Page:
Queen cups when splitting?

Discussion in 'General Beekeeping' started by afterburn001, May 26, 2012.

  1. afterburn001

    afterburn001 New Member

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    We are going to make a nuc from one of our strong hives today and let the bees in the nuc make their own queen. I know the eggs have to be between 1-4 days (?) for them to make a queen but does there have to be an established queen cup in the new nuc or will they make one that fast?
     
  2. dr.buzz

    dr.buzz New Member

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    You really might not want to do that. You need a strong population to raise a good queen, and a nuc is a weak population. You might want to take the queen and 2 or 3 frames of capped brood and stores and leave eggs and larvae with the main colony so they can raise their own queen. Letting the colony keep it's old location means foragers will keep the nectar and pollen coming in. A small nuc in a new location would have no foragers and a small population and they probably would not raise a queen at all.

    As to your question, no, there doesn't need to be an established queen cup before your split. The only time there would be a queen cup would be if they were fixing to swarm, or fixing to supersede the old queen, or if they had been made queenless and started emergency queen cells.
    So, if you don't currently have queen cells getting started now, the only way there would be is after your split, and they would start several emergency queen cells. The first one to emerge generally kills all her sisters in their cells. Then in about 5 days she goes on a mating flight and if all goes well, you should see eggs/larvae about a month, sometimes a little less, sometimes a little more, after doing the split.

    As far as age of eggs....there aren't 4 day old eggs....Eggs are eggs for 3 days. Then they kind of lay down and start to curl into a comma shaped thing called larvae. Queens can be raised from larvae no older than 3 days. The wording can be tricky. Someone might say something about "2-3 day old eggs" for making eggs, and what they mean is 2-3 day old larvae.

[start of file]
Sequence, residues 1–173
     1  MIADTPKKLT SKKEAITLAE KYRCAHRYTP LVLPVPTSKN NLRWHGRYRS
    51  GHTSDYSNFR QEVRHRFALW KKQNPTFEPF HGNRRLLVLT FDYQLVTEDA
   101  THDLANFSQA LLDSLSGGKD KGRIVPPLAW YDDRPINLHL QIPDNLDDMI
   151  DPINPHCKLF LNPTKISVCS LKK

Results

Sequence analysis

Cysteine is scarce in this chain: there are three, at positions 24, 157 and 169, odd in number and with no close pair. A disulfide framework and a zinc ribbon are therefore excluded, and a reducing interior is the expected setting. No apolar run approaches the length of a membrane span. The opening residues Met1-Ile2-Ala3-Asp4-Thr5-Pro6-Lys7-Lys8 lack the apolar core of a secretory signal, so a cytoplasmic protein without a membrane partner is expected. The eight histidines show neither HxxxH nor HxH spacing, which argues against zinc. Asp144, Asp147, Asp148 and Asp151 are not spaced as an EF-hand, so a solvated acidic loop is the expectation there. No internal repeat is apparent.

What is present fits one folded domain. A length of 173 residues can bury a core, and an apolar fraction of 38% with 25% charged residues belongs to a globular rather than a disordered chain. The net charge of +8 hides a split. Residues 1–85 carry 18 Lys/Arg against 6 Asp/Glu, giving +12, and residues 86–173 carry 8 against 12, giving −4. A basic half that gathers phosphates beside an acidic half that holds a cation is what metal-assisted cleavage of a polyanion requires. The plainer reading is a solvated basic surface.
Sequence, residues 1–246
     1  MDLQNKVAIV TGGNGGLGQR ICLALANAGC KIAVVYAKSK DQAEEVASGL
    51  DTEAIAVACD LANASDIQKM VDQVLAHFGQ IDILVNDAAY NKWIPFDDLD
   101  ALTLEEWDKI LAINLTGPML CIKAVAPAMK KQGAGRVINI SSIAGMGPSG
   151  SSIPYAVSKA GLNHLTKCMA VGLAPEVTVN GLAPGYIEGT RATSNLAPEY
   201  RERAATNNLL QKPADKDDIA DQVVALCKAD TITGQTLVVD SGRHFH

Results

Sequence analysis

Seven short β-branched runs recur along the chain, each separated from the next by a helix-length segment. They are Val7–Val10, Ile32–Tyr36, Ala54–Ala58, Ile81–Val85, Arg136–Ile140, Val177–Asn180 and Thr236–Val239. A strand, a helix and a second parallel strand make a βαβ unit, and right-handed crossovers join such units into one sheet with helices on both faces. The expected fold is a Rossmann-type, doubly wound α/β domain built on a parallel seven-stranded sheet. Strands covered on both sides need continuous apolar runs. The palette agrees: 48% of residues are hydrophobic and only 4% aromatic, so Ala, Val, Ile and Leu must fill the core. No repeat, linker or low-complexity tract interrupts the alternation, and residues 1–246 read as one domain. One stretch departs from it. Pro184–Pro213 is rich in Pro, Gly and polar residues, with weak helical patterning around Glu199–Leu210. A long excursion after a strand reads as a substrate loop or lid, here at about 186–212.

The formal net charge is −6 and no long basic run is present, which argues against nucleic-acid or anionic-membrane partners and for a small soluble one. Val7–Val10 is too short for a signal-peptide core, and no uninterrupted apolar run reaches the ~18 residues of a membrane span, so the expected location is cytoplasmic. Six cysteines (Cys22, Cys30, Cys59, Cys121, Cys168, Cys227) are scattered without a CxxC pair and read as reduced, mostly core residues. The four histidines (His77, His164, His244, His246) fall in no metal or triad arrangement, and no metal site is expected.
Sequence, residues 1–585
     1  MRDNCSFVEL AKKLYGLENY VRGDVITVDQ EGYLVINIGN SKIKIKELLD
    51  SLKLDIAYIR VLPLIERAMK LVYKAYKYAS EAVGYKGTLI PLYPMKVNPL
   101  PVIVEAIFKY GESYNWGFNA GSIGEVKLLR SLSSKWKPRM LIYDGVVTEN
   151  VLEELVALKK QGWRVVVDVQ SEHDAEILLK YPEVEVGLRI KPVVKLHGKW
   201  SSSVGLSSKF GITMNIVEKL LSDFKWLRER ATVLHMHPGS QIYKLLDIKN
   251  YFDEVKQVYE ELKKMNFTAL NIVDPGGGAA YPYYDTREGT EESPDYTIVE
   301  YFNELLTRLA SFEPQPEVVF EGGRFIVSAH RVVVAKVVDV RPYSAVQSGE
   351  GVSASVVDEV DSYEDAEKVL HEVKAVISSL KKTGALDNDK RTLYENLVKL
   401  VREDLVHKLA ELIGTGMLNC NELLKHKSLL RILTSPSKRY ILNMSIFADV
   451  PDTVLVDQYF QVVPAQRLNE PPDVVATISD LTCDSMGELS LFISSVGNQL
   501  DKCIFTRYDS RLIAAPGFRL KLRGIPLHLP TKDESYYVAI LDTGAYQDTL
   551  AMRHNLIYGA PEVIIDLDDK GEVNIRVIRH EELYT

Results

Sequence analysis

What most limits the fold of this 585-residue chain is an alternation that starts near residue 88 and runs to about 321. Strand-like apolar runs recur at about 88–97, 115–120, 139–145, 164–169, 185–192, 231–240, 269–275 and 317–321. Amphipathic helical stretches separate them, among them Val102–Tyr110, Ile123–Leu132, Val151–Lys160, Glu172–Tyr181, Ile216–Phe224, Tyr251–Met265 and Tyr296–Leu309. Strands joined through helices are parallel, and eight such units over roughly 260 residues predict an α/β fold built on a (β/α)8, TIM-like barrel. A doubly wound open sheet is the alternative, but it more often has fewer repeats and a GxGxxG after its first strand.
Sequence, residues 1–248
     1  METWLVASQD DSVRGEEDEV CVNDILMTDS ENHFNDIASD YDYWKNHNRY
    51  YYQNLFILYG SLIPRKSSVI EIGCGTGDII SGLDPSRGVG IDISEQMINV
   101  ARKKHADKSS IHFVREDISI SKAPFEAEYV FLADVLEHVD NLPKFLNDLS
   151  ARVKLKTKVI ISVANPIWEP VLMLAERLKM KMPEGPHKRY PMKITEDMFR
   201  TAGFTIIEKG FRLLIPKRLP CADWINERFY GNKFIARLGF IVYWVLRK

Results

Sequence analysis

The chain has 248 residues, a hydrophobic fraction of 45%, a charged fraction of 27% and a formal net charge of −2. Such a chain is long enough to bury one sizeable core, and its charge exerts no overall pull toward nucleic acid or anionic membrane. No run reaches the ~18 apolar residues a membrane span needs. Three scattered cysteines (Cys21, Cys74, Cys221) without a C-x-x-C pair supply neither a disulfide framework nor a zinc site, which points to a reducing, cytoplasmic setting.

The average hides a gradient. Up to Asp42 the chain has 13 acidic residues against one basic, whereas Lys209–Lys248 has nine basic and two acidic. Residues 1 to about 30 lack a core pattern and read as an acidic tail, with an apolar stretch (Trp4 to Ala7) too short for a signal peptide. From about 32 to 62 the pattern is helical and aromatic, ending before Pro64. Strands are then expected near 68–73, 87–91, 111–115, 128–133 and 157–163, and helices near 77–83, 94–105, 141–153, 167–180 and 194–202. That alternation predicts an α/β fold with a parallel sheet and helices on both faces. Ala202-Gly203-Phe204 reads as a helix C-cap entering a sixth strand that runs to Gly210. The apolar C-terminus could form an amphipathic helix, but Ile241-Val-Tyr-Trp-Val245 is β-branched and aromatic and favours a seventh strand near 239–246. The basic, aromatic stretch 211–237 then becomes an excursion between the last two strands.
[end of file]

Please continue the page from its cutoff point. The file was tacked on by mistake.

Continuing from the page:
3. PerryBee

    PerryBee New Member

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    You do not need a queen cup to start a nuc. Queen cups are something bees build just in case kinda thing. Now if you have a queen cup with an egg in it, that's a whole other story.
    I agree with the Dr., while a nuc will raise it's own queen, much better to move the queen in the nuc and let the more populous hive raise a new queen.
     
  4. afterburn001

    afterburn001 New Member

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    Uggg! that's the only thing about raising bees. Your read up on a topic, decide to do something and someone else says "Bad idea" :lol:.

    I don't want to take the queen from the original hive because that is our strongest hive and will be our main honey producer this year and I don't want to risk any disruption in that one. I really don't want to introduce a new queen to the nuc either because I would like one with the same genetics that is in the mother hive.

    Quote from: Bush Bees

    "A walk away split. You take a frame of eggs, two frames of emerging brood and two frames of pollen and honey and put them in a 5 frame nuc, shake in some extra nurse bees (making sure you don't get the queen), put the lid on and walk away. Come back in four weeks and see if the queen is laying. "

    So the above quote is wrong?
     
  5. PerryBee

    PerryBee New Member

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    The quote is correct, however I would interpret what Michael has said as more of a walk-away nuc. To me a walkaway split is when you take a strong populous hive and split it (evenly in two), that way there are plenty of bees to raise a good queen. You can do exactly as Michael has suggested and be alright as well.
     
  6. heinleinfan

    heinleinfan New Member

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    I have two very hives just going good as good can be that were both 'walk away' splits that weren't requeened this spring. I, too, had a super productive hive and was thinking I did not want to move that queen, and get some massive honey from it. I did my splits with 7 frames rather than 5, because I wanted them to be strong and knew they needed a lot of bees to bridge the gap between their current brood and new eggs while making a queen.

    But here's the catch.

    I had not yet seen queen cells in that hive, but there were so very, very many bees I knew it was just a matter of time before they swarmed. I thought splits would keep them from doing so, but apparently that doesn't always cut it, as I learned when my double-split hive went ahead and swarmed, then got told about this on the forum here, then read up about it. Heh. If they've already started swarm talks in the hive, they're gonna do it, no matter what UNLESS you can fool them into thinking they have.